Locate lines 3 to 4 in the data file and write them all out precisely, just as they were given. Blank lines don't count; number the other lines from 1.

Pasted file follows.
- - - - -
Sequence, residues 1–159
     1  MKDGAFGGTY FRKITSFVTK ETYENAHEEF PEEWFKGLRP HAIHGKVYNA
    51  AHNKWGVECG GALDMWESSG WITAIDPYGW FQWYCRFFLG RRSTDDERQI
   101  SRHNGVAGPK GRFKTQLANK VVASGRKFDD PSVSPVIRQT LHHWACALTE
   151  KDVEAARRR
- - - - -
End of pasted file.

    51  AHNKWGVECG GALDMWESSG WITAIDPYGW FQWYCRFFLG RRSTDDERQI
   101  SRHNGVAGPK GRFKTQLANK VVASGRKFDD PSVSPVIRQT LHHWACALTE